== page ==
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How to Do SEO for Niche Markets

Wondering what high-quality, effective SEO for a niche market entails? Here are five steps you need to follow in your niche SEO strategy.

How to Do SEO for Niche Markets

There is a product or service out there for everyone.

But, some can be so specific that their target market is an eighth of the size of a major consumer industry.

While there are many advantages to catering to unique audiences, it can be challenging if you don’t know how to reach them.

Because a niche market is so small, it can be nearly impossible to reach potential customers through traditional means.

However, the internet opens the door for even the most unique of businesses to become profitable if they market themselves correctly.

From generating targeted ads to having a stellar social media presence, being online is a must for any niche market.

When developing your digital marketing campaign, SEO is essential.

Though it can take some time for SEO to produce results, optimizing properly can completely transform your business.

How Niche Markets Benefit From SEO

Just because you sell something incredibly unusual doesn’t mean you’re the only one in the world offering it.

Your competitors are online, and the only way to guarantee potential customers find you first is through a strong SEO campaign.

Your first goal in SEO should be to rank high in web searches.

Once you’ve jumped that hurdle, you have a much better chance of reaching new business goals, such as more conversions, more consumer engagement, and brand differentiation.

If you’re wondering what high-quality, effective SEO for your niche market entails, below are five steps you need to follow in your strategy.

1. Analyze Your Industry’s General Search Volume

One thing you should look at right away is the search volume on terms for your industry.

Are people genuinely searching for your product, or are there better, more specific phrases out there you should be targeting?

If you’re trying to rank for a keyword that has little-to-no search volume, you may struggle to bring in traffic once you’re in the top position.

There are a few ways you can check the search volume of your keywords.

Google’s Keyword Planner is a great tool to research search metrics and historical data on your terms.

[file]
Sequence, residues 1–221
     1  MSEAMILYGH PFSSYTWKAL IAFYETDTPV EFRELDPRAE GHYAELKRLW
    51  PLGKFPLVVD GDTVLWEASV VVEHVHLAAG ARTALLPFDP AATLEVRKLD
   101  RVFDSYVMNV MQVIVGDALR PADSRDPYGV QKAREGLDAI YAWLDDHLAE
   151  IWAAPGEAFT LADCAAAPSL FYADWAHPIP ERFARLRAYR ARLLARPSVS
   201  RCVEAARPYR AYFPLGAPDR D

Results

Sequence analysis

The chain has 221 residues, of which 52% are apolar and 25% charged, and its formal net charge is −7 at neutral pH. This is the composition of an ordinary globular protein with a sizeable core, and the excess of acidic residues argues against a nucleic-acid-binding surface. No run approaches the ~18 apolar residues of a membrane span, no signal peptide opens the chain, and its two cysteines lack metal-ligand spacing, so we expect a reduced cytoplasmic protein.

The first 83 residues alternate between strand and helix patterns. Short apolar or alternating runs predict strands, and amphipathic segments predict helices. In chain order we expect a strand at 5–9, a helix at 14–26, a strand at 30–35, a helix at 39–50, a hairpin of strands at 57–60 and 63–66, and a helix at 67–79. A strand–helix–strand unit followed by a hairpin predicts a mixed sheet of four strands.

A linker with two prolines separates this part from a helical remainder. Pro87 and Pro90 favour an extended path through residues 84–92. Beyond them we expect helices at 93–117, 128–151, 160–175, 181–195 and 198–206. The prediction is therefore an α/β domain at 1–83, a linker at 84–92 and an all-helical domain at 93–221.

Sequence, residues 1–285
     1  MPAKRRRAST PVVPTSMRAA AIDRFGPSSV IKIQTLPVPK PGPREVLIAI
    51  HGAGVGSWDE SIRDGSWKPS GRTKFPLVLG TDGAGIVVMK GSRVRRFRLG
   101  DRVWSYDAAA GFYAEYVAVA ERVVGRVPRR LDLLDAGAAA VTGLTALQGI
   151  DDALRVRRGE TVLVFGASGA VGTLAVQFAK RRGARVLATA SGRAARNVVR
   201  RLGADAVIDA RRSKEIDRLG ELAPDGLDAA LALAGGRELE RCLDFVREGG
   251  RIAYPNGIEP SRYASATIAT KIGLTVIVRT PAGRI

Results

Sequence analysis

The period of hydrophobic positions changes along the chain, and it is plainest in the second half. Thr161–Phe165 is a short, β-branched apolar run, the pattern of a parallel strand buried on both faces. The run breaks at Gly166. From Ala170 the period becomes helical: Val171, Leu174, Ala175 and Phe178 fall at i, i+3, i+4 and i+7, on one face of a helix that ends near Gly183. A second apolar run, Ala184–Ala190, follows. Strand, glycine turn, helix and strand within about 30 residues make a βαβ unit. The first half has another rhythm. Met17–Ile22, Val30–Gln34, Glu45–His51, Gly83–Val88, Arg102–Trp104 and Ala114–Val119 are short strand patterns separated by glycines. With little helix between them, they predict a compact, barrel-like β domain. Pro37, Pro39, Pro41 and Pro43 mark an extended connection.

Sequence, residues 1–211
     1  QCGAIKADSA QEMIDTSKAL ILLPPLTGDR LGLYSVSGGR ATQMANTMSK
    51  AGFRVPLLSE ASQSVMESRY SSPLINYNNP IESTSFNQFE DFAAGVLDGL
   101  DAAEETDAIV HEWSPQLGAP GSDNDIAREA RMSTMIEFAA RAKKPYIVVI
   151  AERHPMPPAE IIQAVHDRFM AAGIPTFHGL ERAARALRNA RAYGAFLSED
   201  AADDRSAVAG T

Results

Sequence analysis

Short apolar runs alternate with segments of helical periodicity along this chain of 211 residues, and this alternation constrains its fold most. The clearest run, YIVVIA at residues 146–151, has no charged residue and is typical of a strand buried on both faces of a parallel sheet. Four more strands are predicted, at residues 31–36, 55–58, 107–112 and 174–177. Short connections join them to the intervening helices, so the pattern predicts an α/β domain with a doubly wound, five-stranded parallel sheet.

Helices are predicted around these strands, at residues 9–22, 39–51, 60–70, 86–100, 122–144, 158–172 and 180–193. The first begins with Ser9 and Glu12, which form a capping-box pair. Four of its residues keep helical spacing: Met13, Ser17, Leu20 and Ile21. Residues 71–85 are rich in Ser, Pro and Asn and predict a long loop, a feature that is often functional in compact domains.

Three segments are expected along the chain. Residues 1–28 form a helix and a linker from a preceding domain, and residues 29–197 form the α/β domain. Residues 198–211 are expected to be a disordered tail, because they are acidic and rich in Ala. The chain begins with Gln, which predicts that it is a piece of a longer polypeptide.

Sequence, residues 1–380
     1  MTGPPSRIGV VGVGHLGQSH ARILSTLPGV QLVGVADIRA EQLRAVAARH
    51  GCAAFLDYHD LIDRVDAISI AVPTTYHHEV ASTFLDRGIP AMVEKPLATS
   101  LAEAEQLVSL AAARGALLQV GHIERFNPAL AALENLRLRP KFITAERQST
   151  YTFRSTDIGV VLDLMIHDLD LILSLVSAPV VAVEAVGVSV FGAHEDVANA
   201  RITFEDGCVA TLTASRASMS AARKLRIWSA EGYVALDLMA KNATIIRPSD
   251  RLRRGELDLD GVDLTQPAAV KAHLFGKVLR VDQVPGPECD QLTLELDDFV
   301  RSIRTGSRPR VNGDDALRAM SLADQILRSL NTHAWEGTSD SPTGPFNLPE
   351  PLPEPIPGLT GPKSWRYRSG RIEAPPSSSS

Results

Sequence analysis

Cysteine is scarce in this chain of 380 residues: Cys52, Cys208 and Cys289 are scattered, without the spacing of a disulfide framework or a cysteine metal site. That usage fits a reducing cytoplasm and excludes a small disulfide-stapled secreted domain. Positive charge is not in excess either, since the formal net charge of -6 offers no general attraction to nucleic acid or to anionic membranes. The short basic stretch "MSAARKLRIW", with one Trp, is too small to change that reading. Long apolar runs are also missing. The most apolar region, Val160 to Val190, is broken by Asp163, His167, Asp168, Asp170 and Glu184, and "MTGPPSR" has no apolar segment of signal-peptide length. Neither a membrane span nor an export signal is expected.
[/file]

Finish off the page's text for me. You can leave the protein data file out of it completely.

You can also use the Keyword Planner to generate ideas based on another keyword or a landing page.

This will help you get an idea of what users are actually searching for when it comes to your products or services.

You can also use a Chrome extension called Keywords Everywhere, which displays search volume, related keywords, and other data directly in your search query.

Another great option is SEMrush’s Keyword Overview tool. This allows you to plug in your website or landing page and see what terms you’re ranking for.

This can be incredibly useful to see how your site is currently performing.

Be sure to look through the list to ensure you’re ranking for relevant phrases, and to make a note of any terms you think should be higher in rank.

Analyze Your Competition

Though niche businesses generally have less competition than major markets, you still want to analyze what your competitors are doing.

Understanding what strategy they’re using, and how well it’s working, is essential to crafting your own.

This doesn’t mean to copy your competitors. Instead, take what they are doing, and do it ten times better.

Find out how well your competitors are performing and surpass them through quality content and SEO optimization.

SEMrush’s Keyword Gap tool is a great way to see what terms you and your competitors have in common.

It also allows you to see what they’re ranking for that you’re not.

This is a great way to help determine the primary keywords you should be targeting in your content to beat them in search results.

Mine the SERPs

Another way to analyze your niche industry is through mining the SERPs.

This is one analysis you’ll need to conduct on your own, as there is no tool out there that can outperform your own brain.

The best way to conduct a SERP analysis is to type in your keyword and analyze the results that appear on page one. You want to look at the following:

  • SERP features.
  • Searcher intent.
  • Content type.

SERP features consist of anything on a search results page that is not one of the ten organic links. Some of the most common SERP features are:

  • Places: A map displaying a three-pack of locations.
  • Knowledge Graph: Information on your search queries, such as nutritional information or movie times.
  • Answers: Informational snippets that answer your query in paragraph, list, or table form.
  • People Also Ask: Similar questions to your original query.
  • News: Relevant articles from known news sources.
  • Images: A row, block, or carousel of images related to your search.

SERP features are not only beneficial to the user; they also help in determining searcher intent.

By looking at what features Google shows, you can guess whether the content is navigational, informational, or transactional.

Understanding searcher intent, and which typically shows up for your terms, is essential in determining what type of content would perform best for that query.

  • Navigational: A searcher knows what they want, but need help getting there, such as a branded search.